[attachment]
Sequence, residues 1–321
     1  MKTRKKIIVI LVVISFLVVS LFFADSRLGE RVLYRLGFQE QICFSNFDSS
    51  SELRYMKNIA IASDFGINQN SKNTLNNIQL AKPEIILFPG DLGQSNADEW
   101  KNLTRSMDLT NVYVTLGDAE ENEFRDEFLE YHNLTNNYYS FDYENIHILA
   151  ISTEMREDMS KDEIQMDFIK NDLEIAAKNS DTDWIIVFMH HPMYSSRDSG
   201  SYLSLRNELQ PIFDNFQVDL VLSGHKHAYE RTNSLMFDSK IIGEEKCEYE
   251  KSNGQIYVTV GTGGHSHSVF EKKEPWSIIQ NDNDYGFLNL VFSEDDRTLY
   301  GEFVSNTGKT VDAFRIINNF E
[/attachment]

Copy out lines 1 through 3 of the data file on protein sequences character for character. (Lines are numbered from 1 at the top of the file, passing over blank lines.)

Sequence, residues 1–321
     1  MKTRKKIIVI LVVISFLVVS LFFADSRLGE RVLYRLGFQE QICFSNFDSS
    51  SELRYMKNIA IASDFGINQN SKNTLNNIQL AKPEIILFPG DLGQSNADEW